September 7, 2022

President’s Letter from C. Buddy Creech –

Dr. C. Buddy Creech
Dr. Buddy Creech

I wish I had been a communications major during college. I simply had no idea that effective communication was one of the most critical elements of being a physician. We see this in so many ways: How do I establish a tone, in just the first few minutes of a patient encounter, that will engender trust? How do I compassionately, yet clearly, communicate bad news? How do I provide consultative advice in a manner that is honoring to the requesting provider?

In a time where the cacophony of voices through social media and other outlets threaten to undermine clear, thoughtful, and accurate communication, let us recommit ourselves to honing this aspect of our craft.

How can we communicate scientific truths in a winsome, compelling manner, even to the skeptic? How can we engage with those who think differently than us in a mutually edifying and not overly confrontational way? How do we encourage people that there really aren’t government-sanctioned tracking devices in the COVID-19 vaccines?

How should we do this? I offer three suggestions:

  1. Read about personality types and corresponding communication techniques. Many of us may know our Myers-Briggs Personality Type, but how many of us are familiar with DISC, HEXACO, or the Enneagram (I’m a ‘3’, so I really would like positive feedback on, well, everything…). I have found it immensely beneficial to explore these different methodologies of personality classification so that we can tailor our communication strategies more precisely to those around us.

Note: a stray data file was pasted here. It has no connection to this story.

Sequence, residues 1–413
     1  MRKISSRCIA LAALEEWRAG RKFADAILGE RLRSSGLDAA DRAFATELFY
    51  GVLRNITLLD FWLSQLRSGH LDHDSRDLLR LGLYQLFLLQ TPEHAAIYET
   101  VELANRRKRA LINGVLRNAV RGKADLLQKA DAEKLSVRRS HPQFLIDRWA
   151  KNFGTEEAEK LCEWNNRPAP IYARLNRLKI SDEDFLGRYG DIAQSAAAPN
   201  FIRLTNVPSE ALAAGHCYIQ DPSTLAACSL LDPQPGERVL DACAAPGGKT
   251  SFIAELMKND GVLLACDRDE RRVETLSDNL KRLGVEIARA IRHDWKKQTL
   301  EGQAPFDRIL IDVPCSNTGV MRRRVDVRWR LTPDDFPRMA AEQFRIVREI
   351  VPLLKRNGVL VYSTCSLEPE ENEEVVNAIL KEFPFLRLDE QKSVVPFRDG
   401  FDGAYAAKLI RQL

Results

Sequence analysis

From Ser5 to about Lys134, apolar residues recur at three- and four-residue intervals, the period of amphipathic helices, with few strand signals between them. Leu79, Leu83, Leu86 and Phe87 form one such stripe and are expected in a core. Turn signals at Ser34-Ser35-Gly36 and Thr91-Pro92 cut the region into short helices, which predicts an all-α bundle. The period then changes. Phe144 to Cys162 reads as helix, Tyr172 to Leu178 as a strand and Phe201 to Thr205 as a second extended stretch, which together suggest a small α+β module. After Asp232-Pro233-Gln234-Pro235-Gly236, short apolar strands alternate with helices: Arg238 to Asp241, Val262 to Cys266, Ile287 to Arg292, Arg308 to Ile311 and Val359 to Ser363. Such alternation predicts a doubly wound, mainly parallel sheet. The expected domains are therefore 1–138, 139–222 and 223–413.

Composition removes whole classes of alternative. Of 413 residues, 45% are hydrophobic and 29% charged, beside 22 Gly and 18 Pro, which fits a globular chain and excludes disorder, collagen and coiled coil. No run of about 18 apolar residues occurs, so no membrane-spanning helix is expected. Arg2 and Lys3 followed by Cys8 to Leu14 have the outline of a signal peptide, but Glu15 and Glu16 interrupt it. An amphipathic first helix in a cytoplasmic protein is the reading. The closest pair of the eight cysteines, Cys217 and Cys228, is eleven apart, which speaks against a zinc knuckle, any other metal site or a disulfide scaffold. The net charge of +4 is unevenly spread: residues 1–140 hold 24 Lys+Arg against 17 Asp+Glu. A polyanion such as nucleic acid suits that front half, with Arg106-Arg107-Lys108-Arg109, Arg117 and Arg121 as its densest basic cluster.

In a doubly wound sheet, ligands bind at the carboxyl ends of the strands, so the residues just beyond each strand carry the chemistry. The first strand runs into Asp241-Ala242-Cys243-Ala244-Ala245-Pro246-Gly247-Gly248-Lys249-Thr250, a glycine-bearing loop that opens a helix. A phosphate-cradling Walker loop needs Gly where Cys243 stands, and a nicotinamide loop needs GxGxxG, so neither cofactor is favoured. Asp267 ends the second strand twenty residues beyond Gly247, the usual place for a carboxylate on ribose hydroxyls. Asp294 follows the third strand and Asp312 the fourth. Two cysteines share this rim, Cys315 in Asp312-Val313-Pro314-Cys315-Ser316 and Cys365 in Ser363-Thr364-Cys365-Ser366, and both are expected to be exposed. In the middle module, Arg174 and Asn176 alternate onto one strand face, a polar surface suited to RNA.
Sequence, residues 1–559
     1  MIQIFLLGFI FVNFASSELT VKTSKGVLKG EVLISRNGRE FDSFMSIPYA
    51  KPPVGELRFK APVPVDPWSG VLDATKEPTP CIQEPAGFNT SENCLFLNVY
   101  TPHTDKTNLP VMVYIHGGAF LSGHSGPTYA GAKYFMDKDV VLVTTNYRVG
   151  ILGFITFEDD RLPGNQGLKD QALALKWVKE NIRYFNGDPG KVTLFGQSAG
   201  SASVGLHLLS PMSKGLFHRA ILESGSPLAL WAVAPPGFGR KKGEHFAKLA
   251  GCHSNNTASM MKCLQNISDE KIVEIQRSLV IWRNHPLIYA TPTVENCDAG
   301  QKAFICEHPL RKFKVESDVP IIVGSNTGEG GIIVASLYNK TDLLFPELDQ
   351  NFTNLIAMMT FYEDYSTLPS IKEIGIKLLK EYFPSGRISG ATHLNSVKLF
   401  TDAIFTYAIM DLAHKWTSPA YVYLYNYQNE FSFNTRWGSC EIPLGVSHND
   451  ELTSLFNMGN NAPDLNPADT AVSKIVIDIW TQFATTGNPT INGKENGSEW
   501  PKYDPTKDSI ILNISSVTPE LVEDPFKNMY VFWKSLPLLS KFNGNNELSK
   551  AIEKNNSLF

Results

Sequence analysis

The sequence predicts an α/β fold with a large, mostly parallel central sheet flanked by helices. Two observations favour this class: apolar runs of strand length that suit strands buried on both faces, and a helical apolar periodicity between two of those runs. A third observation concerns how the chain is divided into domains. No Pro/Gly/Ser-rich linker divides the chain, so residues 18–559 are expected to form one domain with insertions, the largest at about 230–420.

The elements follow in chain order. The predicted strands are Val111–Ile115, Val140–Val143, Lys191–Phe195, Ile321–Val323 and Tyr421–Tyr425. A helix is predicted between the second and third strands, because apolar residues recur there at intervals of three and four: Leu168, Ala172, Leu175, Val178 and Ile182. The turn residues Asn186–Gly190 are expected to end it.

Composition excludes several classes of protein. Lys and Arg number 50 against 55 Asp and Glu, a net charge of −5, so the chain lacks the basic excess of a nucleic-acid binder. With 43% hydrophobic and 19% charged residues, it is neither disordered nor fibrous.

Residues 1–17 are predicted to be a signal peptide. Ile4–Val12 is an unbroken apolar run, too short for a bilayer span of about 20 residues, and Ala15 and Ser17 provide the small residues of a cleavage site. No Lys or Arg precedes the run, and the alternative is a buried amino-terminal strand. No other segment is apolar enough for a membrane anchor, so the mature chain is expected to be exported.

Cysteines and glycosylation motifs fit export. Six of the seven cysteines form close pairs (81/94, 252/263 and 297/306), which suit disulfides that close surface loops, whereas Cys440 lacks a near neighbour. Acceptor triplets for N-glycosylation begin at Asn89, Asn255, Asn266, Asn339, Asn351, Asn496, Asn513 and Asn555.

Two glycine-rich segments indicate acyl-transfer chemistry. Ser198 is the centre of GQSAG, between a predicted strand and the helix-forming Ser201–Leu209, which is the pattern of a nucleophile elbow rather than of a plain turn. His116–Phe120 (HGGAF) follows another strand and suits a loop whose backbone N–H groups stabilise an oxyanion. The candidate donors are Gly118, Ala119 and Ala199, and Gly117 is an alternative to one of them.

2. Avoid echo chambers. It’s easy to gravitate towards those that think like we do.  I’m fortunate to have several vaccine-skeptical friends who challenge how I communicate about things like COVID-19, general vaccine safety, and specific adverse event questions. Inevitably, these conversations help me become a better communicator.
  3. Participate in media training. Please take the opportunity to pursue formal media training if you are able. I have done this through Vanderbilt, PIDS, and at scientific meetings; each has proven invaluable as I engage not only with the media, but with parents, patients, and colleagues.

The master clinician Sir William Osler asked his students to do four things: “Observe, record, tabulate, and communicate.” As we encourage our patients, colleagues, and friends to receive their annual influenza vaccines and their BA.4/BA.5-based COVID-19 booster doses, let us do so in the confidence of what our observations have taught us and with the humility that often accompanies thoughtful communicators.

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